How much attention Cameron paid to these kinds of issues, which today would be dealt with by institutional review boards and ethics committees I don’t know. But I do know that he felt comfortable about how things were and fully responsible for what he was doing.

Since Cameron left McGilI almost 30 years have passed and during the years my frustration with him has gone. I was terribly frustrated with my work at the Allan — mainly about trivial matters, like keeping my gadgets in working order. The difficulties interfering with my activities were there day after day and influenced my attitude towards and judgement about the research but even then, the rationale of the treatment, which was at the centre of the research, seemed to me at least as sound as the rationale of most other treatments in those days and Cameron’s speculations were more down to earth than some of the speculations I was exposed to in the seminars I had to attend during my training.

I am now able to look at the research I was engaged with on his team without any emotional-coloring and I feel that whatever was done should have been done better, in a more sophisticated way. He should have been more careful of not confounding matters by tackling too many issues together, trying to get an answer to too many questions simultaneously. There were many questions there with important theoretical implications for psychiatry - like whether the pathologic pattern could be erased by physical means. Because if pathologic patterns could not be erased by depatterning, the most drastic means that could wipe out all that was acquired after birth, it would be very unlikely that these patterns were learned and if that was the case Cameron’s findings would shatter one of the basic premises on which psychodynamics was based.

Another question with important theoretical implications was the one which dealt with the nature of the disorganization induced by sensory isolation or drugs. Because if the nature of the disorganization depends on the disease and not on the person afflicted with the disease, it would imply that the disease process is independent of personality development. But Cameron was not just bluntly entering the psychological-mental sanctuary by physical means, he was also trying to render accessible to scrutiny the detectable changes, if any, displayed during therapy, by the recording of everything for which a gadget was available. The money from the CIA was spent primarily on the development and employment of objective measures. This was something he had been interested in since the early 1930s, when he wrote his text Objective and Experimental Psychiatry.

I don’t know whether he was aware of how sensitive an area he touched in his research. Nor do I know whether he was ready to conceptualize his own findings in the way I was doing. He never acknowledged that the answers to certain questions were already there in the notes he dictated with great regularity on his patients, in the files he was so proud of. One of the patients, whose file I am referring to, was a very severe obsessive-compulsive he depatterned. She was confused and disorientated for days, but in spite of her organic state her compulsive rituals persisted unchanged. Another schizophrenic patient remained unperturbed by prolonged sensory deprivation. She was actually better after she came out of sensory deprivation than when she entered. Such patients opened my eyes to see that some of the things I had been taught might not have been as true as I was made to believe. Whether those cases carried the same message to Cameron, it is difficult to know. He spoke little and even when he did I frequently felt that he said things tongue in cheek. By the time I could have asked him, he had passed away. Cameron died while mountain climbing - he died as he lived.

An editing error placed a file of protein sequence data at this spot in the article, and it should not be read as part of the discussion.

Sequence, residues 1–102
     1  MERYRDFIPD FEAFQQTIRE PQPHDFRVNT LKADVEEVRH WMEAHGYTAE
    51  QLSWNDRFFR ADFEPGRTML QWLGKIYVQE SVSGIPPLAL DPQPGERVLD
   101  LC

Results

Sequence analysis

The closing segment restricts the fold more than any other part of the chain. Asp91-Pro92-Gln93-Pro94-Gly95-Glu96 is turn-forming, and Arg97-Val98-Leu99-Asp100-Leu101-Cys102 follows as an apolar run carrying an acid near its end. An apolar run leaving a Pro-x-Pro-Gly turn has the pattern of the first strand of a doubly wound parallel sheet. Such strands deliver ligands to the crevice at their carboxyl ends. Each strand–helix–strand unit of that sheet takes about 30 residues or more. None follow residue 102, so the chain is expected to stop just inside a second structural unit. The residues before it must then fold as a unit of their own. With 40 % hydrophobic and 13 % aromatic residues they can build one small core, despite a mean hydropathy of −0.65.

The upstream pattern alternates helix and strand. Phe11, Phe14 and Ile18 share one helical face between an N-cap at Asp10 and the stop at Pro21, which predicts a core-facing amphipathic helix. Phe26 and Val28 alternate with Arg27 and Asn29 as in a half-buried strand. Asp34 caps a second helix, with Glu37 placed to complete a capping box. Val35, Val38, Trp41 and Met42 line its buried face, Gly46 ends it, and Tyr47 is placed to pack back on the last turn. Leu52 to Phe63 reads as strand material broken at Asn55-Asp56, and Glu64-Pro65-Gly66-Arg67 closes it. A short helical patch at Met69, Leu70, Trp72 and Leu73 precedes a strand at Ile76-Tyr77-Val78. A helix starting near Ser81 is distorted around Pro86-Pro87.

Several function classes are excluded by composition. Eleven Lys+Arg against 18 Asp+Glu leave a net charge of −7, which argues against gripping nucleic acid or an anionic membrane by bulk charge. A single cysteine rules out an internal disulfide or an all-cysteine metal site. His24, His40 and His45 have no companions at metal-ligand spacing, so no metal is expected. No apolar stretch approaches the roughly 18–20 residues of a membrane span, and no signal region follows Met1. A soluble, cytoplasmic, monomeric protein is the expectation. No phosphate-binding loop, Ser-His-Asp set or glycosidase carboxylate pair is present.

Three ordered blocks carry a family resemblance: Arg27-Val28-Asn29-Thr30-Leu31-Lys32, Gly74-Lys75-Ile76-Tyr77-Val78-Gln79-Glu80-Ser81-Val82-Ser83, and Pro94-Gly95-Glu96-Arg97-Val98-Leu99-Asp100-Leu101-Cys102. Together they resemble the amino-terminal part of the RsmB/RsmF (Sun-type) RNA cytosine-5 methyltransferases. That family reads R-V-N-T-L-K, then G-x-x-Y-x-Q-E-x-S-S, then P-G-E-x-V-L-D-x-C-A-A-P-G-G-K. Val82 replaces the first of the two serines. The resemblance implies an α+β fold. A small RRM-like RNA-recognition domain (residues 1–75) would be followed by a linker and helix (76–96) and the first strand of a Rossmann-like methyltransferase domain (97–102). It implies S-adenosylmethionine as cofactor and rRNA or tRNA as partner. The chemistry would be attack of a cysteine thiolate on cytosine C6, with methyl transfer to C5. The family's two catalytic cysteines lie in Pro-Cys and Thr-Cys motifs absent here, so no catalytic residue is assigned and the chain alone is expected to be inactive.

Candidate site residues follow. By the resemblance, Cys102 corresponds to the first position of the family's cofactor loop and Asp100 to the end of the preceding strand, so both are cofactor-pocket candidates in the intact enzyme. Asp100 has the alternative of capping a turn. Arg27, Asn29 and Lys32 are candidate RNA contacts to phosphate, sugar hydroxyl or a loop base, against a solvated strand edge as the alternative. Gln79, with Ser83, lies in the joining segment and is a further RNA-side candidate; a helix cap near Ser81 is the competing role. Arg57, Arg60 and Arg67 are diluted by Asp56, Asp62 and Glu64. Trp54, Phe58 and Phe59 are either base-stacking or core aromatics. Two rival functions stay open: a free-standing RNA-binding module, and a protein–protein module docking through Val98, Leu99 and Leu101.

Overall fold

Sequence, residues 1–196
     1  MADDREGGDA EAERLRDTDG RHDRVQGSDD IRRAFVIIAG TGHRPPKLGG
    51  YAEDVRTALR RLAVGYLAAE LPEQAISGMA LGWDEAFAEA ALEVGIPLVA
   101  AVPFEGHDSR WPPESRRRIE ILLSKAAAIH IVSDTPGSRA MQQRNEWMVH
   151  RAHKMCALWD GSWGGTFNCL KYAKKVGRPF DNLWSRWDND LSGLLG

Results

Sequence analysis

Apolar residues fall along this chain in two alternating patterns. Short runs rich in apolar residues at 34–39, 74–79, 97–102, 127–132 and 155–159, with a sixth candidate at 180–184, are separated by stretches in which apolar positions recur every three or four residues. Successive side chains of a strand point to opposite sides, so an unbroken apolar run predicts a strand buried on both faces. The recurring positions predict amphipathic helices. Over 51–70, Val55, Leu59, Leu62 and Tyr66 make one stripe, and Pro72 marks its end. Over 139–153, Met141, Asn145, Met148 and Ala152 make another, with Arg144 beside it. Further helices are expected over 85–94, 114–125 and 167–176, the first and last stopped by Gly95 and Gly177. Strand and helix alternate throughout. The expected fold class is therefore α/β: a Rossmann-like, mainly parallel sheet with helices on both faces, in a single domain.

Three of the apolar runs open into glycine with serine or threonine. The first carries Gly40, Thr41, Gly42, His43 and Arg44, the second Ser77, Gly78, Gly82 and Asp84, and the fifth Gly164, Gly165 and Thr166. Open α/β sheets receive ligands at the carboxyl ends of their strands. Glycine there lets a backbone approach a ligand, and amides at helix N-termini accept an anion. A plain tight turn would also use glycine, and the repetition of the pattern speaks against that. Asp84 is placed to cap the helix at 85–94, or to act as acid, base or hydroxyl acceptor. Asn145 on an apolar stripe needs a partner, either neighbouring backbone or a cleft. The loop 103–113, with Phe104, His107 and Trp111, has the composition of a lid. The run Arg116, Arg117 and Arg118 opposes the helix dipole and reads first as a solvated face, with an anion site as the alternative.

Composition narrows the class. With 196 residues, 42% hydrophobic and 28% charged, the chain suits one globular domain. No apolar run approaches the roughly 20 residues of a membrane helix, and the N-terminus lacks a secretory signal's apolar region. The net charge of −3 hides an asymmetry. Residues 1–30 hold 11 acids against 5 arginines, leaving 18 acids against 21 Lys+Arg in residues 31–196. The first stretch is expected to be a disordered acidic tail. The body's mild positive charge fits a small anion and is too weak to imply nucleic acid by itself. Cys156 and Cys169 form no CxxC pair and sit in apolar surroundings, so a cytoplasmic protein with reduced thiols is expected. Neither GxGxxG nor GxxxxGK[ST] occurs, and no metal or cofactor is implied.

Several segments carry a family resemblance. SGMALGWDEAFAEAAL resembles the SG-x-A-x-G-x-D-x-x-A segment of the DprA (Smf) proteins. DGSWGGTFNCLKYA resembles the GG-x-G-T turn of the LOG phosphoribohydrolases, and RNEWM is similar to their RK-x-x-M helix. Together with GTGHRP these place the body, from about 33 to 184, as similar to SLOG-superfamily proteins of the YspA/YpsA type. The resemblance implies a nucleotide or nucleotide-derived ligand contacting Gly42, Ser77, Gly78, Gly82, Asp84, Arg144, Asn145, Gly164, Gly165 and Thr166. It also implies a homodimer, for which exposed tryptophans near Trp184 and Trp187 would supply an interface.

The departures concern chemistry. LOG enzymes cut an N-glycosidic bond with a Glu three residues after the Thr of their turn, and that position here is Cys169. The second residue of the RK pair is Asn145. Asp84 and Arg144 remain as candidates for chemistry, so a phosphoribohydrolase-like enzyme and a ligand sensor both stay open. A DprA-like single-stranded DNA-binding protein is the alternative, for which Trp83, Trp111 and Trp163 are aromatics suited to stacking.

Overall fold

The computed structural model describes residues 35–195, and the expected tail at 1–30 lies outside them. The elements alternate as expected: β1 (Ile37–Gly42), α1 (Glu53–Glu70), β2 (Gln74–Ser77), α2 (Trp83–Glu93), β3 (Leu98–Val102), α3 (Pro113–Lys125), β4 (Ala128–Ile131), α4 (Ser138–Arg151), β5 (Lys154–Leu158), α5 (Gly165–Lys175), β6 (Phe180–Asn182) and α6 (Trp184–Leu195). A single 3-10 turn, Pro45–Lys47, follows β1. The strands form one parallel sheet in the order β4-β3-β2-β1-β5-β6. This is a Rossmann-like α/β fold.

I joined Vanderbilt in 1976, and we left Montreal and moved to Nashville. Then last fall McGill´s department of psychiatry had its 50th birthday. I was invited to the anniversary celebrations and I assume in consideration of my monograph Psychopharmacology for the Aged, I was assigned to a symposium on psychogeriatrics. When I went back, after being away for almost 20 years, I was struck by what I saw. The department seemed to be frozen in the state as it was in the mid 1970s. It was on my tongue to say that you may argue endlessly about the relationship between mind and body but get rid of the double standards between the biologic and the psychodynamic and get on with treating patients. I left at the end of the meeting contemplating that even if it had been right to criticize Cameron about some of the research he did, the outcome of his departure was devastating. It shifted the department into a psychodynamic mode at a time when the rest of the world was shifting in the opposite way. The department which in Cameron’s time was the heart of Canadian psychiatry was struggling to adapt to the new world. I just cannot help to think that there was something else there and not just the funding from the CIA.